As a local food supporter, I think it’s a good idea to have some general knowledge about what’s going on at the state level when it comes to agriculture. I figure part of knowing where your food comes from is also knowing what issues face my farmers.
Well, in early 2012 the Governor’s Council for Agricultural Development embarked on the creation of a holistic, strategic plan for Connecticut agriculture, Grow Connecticut Farms. This month that council released a report summarizing its first year of work on a strategic plan for the state’s $3.5 billion agricultural industry and made seven recommendations to further develop, diversify, and promote agriculture in the state.
Here’s a brief run-down on the council’s recommendations, with a few facts I found interesting.
#1 Study infrastructure gaps and opportunities for the aggregation, light processing, and distribution of Connecticut Grown products.
The councils sees tapping into institutional food service operations like hospitals, colleges and universities, public and private schools, and state facilities as a big opportunity to increase sales of Connecticut Grown farm products.
#2 Develop and invest in a comprehensive marketing strategy for Connecticut agriculture.
#3 Create an agriculture-friendly energy policy that includes agricultural net metering for power production and transmission, and qualification of agricultural anaerobic digestion projects for zero-emissions renewable energy credits (ZRECs).
The council reports that while consumer demand for Connecticut Grown products is high year round, Connecticut’s natural growing season is short, which limits supply. And while Connecticut already has the infrastructure that could potentially produce much more food year round through controlled-environment cultivation, the state’s high energy costs are prohibitive. These high energy costs limit the opportunity to compete with other states and countries whose farmers pay less for energy and currently supply much of our fresh, greenhouse-grown produce during the off-season.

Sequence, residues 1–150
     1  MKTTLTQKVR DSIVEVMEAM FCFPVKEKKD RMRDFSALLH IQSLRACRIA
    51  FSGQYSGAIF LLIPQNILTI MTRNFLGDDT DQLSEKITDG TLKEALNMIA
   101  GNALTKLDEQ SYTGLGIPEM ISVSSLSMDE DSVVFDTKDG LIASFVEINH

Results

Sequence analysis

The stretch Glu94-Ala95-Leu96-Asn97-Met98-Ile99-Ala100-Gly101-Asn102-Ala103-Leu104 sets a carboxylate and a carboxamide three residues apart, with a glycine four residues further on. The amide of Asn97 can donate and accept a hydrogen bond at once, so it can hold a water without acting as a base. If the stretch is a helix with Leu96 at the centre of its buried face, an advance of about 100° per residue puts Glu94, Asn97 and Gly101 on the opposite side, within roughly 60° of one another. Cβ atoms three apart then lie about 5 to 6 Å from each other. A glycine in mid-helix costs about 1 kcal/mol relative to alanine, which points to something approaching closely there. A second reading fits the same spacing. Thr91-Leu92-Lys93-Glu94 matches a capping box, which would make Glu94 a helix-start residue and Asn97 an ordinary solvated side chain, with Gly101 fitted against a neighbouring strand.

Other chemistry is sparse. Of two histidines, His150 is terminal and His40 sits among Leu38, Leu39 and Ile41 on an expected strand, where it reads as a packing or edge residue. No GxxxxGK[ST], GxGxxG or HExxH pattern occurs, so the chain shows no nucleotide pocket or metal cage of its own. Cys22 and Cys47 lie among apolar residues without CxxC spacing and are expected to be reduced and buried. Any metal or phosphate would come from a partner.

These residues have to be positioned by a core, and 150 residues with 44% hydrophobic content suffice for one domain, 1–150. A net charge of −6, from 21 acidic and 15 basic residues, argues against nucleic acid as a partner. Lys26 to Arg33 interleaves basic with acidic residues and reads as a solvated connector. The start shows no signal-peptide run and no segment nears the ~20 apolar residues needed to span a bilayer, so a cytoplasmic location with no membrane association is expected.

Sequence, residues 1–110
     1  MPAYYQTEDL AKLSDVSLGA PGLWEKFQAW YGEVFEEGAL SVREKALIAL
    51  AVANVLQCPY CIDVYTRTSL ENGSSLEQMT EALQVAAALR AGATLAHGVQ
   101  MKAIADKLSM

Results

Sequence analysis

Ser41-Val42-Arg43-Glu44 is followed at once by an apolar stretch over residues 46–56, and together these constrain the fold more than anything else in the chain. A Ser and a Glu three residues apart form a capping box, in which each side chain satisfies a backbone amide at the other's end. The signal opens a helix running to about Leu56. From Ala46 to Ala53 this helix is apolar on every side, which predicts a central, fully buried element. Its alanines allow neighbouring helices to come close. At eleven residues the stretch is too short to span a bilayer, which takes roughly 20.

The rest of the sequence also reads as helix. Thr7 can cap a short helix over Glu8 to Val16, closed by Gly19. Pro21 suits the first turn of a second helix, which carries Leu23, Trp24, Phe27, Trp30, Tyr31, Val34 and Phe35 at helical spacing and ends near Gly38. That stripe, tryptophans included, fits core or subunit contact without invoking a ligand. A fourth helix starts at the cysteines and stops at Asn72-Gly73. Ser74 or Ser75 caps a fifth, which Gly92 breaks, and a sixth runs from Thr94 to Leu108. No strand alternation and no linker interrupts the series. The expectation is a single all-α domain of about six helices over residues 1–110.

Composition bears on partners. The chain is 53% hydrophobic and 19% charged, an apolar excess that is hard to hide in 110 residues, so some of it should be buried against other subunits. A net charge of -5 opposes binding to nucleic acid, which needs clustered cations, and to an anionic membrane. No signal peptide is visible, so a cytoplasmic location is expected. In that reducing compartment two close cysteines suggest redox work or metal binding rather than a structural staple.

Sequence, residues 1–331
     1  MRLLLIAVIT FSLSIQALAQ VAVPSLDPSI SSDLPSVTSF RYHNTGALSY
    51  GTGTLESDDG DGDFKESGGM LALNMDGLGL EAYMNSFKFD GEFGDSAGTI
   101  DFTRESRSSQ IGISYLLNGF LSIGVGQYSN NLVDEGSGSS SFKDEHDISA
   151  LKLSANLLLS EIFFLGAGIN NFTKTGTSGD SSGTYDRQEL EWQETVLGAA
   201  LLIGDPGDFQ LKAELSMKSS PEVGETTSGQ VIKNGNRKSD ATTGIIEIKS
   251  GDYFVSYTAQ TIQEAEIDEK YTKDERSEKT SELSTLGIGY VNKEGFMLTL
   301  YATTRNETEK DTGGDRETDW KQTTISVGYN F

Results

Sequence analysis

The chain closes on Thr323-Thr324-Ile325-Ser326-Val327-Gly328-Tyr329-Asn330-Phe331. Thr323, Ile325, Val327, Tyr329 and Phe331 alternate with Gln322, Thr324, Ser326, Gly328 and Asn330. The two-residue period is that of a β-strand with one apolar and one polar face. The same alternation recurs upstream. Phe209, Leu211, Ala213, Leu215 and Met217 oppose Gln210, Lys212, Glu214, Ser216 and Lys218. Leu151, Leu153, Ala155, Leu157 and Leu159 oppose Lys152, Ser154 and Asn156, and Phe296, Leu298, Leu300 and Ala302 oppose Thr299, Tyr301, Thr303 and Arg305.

#4. Strengthen the state Department of Agriculture and improve coordination among all agencies regulating agricultural businesses.
#5. Perform a comprehensive review of agricultural labor issues and develop initiatives that provide an adequate workforce for Connecticut farm businesses.
#6. Increase weight limits on truck loads to be consistent with surrounding states.
#7. Establish a bridge between the state departments of Agriculture and Education through a dedicated agricultural education coordinator, and develop ways to integrate agriculture into Connecticut’s K-12 curriculum.
The council is organizing 12 working groups to begin addressing the recommendations and to establish additional priorities that surface in the process.
If you’re interested in getting more information on Grow Connecticut Farms, you can download the entire report here.
This article was originally published by Local Food Rocks.